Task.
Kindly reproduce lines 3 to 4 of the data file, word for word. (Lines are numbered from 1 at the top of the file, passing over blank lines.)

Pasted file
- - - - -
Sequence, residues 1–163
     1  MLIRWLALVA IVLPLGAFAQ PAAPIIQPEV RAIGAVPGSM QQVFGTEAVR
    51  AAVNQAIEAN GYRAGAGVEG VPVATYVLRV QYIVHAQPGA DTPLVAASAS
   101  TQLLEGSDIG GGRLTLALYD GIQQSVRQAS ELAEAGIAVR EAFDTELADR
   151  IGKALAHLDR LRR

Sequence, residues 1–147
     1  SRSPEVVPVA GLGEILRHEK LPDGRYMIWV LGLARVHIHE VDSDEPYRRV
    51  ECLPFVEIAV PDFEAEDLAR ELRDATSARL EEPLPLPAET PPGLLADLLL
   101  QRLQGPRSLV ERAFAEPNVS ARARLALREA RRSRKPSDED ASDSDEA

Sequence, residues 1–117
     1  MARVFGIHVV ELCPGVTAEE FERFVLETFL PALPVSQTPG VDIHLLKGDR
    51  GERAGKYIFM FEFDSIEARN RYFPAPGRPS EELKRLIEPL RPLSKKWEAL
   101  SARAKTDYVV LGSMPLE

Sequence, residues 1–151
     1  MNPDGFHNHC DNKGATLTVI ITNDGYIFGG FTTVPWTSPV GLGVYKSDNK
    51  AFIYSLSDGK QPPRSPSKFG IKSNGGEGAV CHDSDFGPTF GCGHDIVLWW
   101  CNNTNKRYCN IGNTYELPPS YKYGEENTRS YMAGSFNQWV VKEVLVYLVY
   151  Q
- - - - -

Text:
    51  AAVNQAIEAN GYRAGAGVEG VPVATYVLRV QYIVHAQPGA DTPLVAASAS
   101  TQLLEGSDIG GGRLTLALYD GIQQSVRQAS ELAEAGIAVR EAFDTELADR